Then I stop, bring my hands together in prayer, just touching my lips. And whisper inaudibly, ‘my love is yours’.

It is known as the Blessing of the Inner Sun. Based on a Hermetic philosophical notion that the inner light from any individual can illuminate vast corridors for the living and the dead.

All very mystical and unknowable, but, again, it feels correct, good, benevolent and a great thing to do before a head hits a pillow.

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143. The North Kent wane

 

Easy to say in hindsight, but I should never have left Essex in September 1981.

Somewhere in that list of digging holes to climb back out of was the decision to start a one-year post-graduate teacher training course at Christ Church College, in Canterbury.

But something had to be tried. Manual work was easily found but always boring in the end. And I could not get the best memories of Birmingham out of my head. So a return to academia held out a certain promise.

I had applied and been accepted many months previously, and Maureen helped me hunt around for accommodation. A room was found, at the top of a tall house in Herne Bay, on the North Kent coast, about 8 miles away from the college. Quiet town, with seaside promenades. And a nice boozer nearby, the Druids head.

 

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It was easy to kid myself and others that I was on the way to getting a qualification for a career. Deep inside, I couldn’t envisage it. Didn’t believe in it. The propensity for any kind of career was lacking, unless somebody would pay me to indulge in the pleasures that interested the most.

The kidding continued during the first few weeks in Kent. I made a good gang of new friends, having worried that I would struggle to fit. It helped that I was 24, whereas most of my fellow students were fresh from university.

Every appearance of confidence, for the moment. Tapes of Heaven 17, Wah! and Echo and the Bunnymen playing in my room, as I skimped through the course material. Autumn warmth still in the air. Minor friendships were struck up with my new housemates, Helen and ‘Grubs’, a Welsh wannabe novelist. Big Dad paid a surprise visit from Manchester one weekend, joining Maureen and I for pub jaunts.

But nothing could halt the looming cloud of teaching practice, which began with an observation period for several days at a school in Faversham. That clarified what I had known quietly. By the end, I had observed beyond doubt that teaching was not for me. More specifically, I had no interest in the subject, history, and almost zero inclination to put myself in a situation where one performed publicly for most of the working day. Worse, the necessary imposition of class discipline went completely against the grain. That other people could adapt to that was of no concern. That’s how it was for me.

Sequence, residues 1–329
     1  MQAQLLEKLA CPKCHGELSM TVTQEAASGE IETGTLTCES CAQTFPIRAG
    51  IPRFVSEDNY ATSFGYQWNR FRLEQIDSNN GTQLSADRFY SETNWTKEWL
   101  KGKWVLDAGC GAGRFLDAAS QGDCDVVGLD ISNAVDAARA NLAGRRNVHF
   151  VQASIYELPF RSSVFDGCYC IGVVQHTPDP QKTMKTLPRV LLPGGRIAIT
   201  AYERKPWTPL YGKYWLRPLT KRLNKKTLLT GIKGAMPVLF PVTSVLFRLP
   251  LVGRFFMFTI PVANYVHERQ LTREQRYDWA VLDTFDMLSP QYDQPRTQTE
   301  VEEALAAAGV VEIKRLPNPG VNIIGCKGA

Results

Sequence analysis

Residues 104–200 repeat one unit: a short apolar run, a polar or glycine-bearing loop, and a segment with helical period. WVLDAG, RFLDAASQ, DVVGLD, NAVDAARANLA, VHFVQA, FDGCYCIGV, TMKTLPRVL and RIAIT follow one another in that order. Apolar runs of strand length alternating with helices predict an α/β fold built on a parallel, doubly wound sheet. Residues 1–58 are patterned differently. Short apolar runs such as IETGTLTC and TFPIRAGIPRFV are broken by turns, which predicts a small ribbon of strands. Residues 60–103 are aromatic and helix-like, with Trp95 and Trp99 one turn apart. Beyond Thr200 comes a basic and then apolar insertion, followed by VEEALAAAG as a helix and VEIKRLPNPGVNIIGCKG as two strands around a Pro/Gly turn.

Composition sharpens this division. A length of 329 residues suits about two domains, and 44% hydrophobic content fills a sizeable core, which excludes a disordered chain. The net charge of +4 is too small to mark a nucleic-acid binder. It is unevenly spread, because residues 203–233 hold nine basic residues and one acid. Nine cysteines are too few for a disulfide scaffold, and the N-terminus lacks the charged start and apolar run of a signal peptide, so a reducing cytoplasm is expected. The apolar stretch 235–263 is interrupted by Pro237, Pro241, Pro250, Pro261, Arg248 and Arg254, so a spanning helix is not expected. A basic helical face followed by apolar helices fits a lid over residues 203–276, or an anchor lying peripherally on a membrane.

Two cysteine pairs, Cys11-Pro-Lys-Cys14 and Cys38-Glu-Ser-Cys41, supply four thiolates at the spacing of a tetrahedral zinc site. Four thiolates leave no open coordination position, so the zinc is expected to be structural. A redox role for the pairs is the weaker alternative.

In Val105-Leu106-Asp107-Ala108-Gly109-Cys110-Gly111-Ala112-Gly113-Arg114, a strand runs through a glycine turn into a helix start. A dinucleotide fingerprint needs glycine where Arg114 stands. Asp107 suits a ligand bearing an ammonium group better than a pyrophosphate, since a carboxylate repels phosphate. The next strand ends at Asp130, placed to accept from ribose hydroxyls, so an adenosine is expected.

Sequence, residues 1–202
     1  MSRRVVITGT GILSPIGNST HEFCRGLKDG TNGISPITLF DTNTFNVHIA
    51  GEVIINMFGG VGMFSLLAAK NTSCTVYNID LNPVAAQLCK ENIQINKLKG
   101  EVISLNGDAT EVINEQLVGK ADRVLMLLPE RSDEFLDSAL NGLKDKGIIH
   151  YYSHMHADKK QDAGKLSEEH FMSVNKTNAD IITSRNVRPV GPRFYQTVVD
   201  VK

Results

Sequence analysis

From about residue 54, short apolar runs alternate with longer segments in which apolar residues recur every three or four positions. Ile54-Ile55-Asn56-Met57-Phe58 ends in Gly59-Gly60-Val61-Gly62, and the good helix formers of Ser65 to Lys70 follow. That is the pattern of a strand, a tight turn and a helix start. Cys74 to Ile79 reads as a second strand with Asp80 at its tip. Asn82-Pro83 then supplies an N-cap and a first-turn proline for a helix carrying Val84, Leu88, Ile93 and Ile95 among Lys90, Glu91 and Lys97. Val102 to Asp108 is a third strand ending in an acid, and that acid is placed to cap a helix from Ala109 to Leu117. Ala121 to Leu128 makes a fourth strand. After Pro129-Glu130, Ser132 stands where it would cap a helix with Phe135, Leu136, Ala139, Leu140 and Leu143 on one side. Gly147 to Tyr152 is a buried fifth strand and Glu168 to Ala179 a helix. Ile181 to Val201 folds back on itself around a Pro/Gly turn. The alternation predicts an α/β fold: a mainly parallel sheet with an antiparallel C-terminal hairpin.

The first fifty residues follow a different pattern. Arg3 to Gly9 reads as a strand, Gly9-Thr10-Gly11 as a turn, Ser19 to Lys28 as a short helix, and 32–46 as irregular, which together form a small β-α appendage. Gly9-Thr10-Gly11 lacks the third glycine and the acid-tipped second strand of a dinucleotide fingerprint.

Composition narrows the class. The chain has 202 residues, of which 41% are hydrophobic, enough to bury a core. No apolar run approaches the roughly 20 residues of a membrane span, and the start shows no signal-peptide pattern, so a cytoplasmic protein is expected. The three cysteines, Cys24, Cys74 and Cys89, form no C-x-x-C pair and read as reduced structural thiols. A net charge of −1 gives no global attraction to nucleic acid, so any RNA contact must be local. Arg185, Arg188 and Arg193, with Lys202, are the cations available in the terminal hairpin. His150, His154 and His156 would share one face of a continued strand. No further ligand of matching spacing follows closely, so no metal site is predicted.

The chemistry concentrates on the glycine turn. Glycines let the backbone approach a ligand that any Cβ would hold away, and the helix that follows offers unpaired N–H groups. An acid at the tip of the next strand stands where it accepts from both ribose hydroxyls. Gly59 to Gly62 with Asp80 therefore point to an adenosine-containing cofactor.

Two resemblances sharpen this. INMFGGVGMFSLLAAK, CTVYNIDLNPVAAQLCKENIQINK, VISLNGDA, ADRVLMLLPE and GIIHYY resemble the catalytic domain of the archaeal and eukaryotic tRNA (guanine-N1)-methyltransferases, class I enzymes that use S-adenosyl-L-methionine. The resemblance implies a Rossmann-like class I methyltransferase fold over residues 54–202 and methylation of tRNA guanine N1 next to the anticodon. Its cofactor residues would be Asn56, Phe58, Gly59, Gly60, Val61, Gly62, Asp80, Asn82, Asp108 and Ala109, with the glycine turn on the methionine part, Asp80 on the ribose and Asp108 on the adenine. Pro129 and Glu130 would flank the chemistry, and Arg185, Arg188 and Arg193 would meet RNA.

I decided to jack it in, rather than pretend until the pretence ran out. On the Sunday before I was due to start in earnest, I took a bus to the school and left a mass of loaned materials and books on the reception doorstep. Glancing around quite shamefully.

Relief and terror punched and fought hard on the bus journey home. What the hell could I do for a living? Living at home again with mum and dad was a depressing thought. I was beginning to fret about my hair again, in the autumn winds. Was there any future?

There was another massively troubling issue. My bleak outlook had been enlivened by several women showing an interest in me in the first few weeks at college. Cheating on Maureen was never contemplated, but it flattered my ego at a time when the general outlook was shrivelling by the day. One of them had showed an exceptional interest, exacerbated by alcohol. Another was very open to my company, and a third always made time for a chat. All three exerted a waxing moon pull on my waning stability.

With little future on offer, everything seemed to matter less. After wrestling with myself for many days, I sent Maureen a letter on the day that I officially dropped out of my course, saying that I wanted our relationship to stop. We had been growing apart. There was some truth in that. Some of it down to greater geographical distance.

The bigger, overwhelming feeling was of everything coming to an end. Purpose running down to nothing. Still I dropped the letter into the red postbox with dread, with no certainty that I wasn’t cutting away the best source of nurture, friendship, love and support that would ever be available. Ever.

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Maureen’s response beamed out dignity and class. She wrote back, saying I had hurt her immensely, but that it was probably for the best. And that yes, we probably had been growing apart from each other.

With bridges burned, there was freedom to explore temptation. Before too long, the attractions were seen through.